Here's what it looks like if Royal Caribbean invites you to volunteer for a test cruise
Royal Caribbean is asking regular people to volunteer to help go one of the cruise line's test sailings.
Before Royal Caribbean's cruise ships can restart operations, the line needs people to go on simulated voyages as a volunteer and help test out the new Covid-19 protocols and rules.
Some of the first invitations to top tier Crown and Anchor Society members, as well as travel agents, are starting to be sent out via email.
The first test sailings Royal Caribbean conducted were comprised of Royal Caribbean employees who volunteered their time to help out. But the cruise line is now asking regular people to do test sailings to help get ships back into service.
We now have our first look at what an invitation to a test cruise looks like.
A RoyalCaribbeanBlog reader was selected to sail on the Ovation of the Seas test cruise from Seattle to Alaska at the end of this month.
In case you were wondering, the anonymous person selected for this test cruise is a travel agent, Platinum Crown and Anchor Society member, and signed up to be a volunteer the very first day Royal Caribbean publicized the opportunity.
Ovation will sail a 5-night simulated voyage to Ketchikan, beginning on July 30. If all goes well, her first revenue sailing is scheduled for August 13.
Only volunteers 18 years of age or older, who have been fully vaccinated against COVID-19, are eligible to join. One guest in the room must be at least 21 years old.
The two pieces of identification test cruisers need are a valid Passport book or Passport card, and hard-copy of vaccination card as proof of being fully vaccinated against COVID-19 using an FDA or WHO authorized vaccine.
These test cruises are mandated by U.S. Centers for Disease Control and Prevention’s (CDC), and volunteers are required to be notified of the riskiness of being part of a test cruise.
"The U.S. Centers for Disease Control and Prevention requires this written notification to advise all volunteer passengers that they are participating in health and safety protocols that are unproven and untested in the United States for purposes of simulating a cruise ship voyage and that sailing during a pandemic is an inherently risky activity. "
In the email sent to volunteers that are picked for a given test sailing, the registration system is on a first-come, first served basis, and the faster you sign up, the better your chance of getting a room. People that take longer to sign up will be put on a wait list.
"Registration will be handled on a first-come, first-served basis and will be capacity controlled. Should the event reach the desired capacity, the registration tool will indicate such and grant you the ability to join our waitlist."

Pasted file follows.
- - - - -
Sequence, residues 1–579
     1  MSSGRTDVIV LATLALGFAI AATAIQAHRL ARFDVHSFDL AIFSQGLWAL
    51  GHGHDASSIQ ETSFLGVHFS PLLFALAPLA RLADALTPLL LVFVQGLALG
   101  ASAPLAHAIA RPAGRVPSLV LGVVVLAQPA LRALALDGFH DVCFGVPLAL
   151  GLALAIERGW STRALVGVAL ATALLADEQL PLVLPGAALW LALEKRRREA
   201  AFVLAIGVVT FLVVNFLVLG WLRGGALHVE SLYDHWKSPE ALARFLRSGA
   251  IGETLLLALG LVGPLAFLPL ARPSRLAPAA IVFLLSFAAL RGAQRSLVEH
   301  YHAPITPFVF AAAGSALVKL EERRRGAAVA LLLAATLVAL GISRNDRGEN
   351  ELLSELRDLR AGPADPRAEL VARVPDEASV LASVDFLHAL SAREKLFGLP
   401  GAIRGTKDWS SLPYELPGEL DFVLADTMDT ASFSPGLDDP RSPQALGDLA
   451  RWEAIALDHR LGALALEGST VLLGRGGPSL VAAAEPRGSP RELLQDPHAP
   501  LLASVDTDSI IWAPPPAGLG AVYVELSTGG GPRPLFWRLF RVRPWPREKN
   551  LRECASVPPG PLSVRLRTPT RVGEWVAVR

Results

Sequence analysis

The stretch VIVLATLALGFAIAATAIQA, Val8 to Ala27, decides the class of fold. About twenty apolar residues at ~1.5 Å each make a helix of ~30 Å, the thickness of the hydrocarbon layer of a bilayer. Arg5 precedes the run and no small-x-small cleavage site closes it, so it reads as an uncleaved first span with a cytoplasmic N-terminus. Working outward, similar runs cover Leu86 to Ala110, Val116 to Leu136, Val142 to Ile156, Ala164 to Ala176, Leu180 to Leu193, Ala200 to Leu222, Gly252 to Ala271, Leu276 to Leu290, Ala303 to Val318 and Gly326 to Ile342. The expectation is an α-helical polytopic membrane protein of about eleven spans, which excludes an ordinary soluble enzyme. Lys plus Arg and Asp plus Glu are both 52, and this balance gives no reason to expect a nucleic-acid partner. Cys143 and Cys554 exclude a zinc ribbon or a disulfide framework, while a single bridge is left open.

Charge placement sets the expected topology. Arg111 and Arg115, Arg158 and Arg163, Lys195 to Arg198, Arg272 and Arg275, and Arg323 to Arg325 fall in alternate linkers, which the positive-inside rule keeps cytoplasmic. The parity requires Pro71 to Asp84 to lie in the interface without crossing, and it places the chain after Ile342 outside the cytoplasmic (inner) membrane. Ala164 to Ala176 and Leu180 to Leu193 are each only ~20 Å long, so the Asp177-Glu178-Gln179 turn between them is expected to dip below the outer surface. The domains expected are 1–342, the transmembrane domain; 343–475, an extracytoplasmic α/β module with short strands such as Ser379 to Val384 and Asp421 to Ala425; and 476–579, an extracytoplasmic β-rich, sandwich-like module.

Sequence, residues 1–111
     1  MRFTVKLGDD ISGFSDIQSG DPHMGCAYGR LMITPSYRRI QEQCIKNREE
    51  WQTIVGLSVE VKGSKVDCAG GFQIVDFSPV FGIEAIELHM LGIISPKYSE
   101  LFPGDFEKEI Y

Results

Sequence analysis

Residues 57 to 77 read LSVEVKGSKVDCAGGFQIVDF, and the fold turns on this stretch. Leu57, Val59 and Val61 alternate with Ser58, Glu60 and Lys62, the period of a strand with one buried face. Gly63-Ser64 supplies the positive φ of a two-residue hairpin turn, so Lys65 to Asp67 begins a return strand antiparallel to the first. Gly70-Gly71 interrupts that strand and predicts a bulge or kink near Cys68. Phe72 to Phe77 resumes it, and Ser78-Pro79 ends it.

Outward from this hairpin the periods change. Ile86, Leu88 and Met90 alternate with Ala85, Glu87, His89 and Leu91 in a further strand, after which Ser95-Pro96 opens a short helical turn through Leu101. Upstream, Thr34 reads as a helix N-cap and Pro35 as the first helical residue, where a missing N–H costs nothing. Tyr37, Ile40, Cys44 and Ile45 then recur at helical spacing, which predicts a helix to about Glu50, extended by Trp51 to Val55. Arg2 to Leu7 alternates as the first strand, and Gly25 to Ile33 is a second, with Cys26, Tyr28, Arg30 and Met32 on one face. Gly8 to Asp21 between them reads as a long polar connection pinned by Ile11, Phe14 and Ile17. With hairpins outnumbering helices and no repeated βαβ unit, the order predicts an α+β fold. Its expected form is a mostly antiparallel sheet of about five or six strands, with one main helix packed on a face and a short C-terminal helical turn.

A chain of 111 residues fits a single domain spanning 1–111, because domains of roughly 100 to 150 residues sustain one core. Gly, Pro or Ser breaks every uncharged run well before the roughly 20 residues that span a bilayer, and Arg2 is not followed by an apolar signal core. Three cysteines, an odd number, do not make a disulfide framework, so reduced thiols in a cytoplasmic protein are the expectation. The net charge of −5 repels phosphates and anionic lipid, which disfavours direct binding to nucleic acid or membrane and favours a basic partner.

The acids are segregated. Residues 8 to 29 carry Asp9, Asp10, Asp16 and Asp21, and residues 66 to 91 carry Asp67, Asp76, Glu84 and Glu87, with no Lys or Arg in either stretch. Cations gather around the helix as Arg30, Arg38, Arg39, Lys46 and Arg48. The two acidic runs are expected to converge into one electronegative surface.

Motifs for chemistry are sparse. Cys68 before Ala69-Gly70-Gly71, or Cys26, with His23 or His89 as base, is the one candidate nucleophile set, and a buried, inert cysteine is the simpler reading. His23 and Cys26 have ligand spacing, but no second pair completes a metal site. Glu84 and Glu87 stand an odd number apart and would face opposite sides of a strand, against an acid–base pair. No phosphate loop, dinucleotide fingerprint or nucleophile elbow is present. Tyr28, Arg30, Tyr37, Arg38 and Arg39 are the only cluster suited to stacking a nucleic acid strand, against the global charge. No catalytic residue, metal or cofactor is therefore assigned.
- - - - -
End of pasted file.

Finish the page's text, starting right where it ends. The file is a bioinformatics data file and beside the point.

Here are some of the more interesting rules for volunteers who opt to cruise.
Invitations to register for test sailings are non-transferable.
Each guest will be granted one double occupancy stateroom to invite a guest of his/her choice.
Staterooms will be assigned at random and cannot be preselected nor changed once confirmed.
Certain volunteers will be designated as “unvaccinated” to aid in simulating protocols for unvaccinated guests. Volunteers designated as “unvaccinated” will need to undergo COVID-19 testing and may be restricted from entering certain venues.
There will be limited opportunities to dine in specialty restaurants at a 50% discount.
Room service will be available. Breakfast is complimentary and all-day menu will be available for extra charge.
Beverages will be available to purchase at 50% off once onboard. Beverage packages will not be available.
Shore excursions will be available to reserve at 35% off.
VOOM Internet will be available at a 50% discount.
Photo purchases available at a 50% discount for Printed Photos, Digitals and Retail (electronics excluded).
Retail shops and Spa services will be available.
The standard daily gratuity charge will be automatically added to each volunteer’s SeaPass account once onboard.
- While onboard, masks will be required in indoor spaces, unless actively eating or drinking
- Masks not required in venues designated as vaccinated-only.
- Masks not required in your stateroom
- Masks not needed in pool area or for activities where they could become wet
- Masks are not required outdoors, unless in a crowded setting
Why is Royal Caribbean doing test cruises?
Some have wondered why Royal Caribbean International did not follow sister brand Celebrity Cruises in mandating 95% of its guests be fully vaccinated, and it has to do with the fact Royal Caribbean International is a family brand.
The simple answer is families, as Royal Caribbean is a family brand and too many children are not eligible yet to be vaccinated.
Royal Caribbean International's senior vice president of Hotel Operations, Mark Tamis, emphasized the decision to conduct test sailings was an easy one for the cruise line, "When the first set of potential regulations were published, it was such an obvious choice of the path that we had to go down."
"Once there were two clear paths, 95% or under 95%, it wasn’t even really a consideration."
Mr. Tamis called the decision "obvious" given how many kids sail with Royal Caribbean, along with the cruise line's dedication to remaining a family brand. "A good 20 to 25 percent of our guests are kids."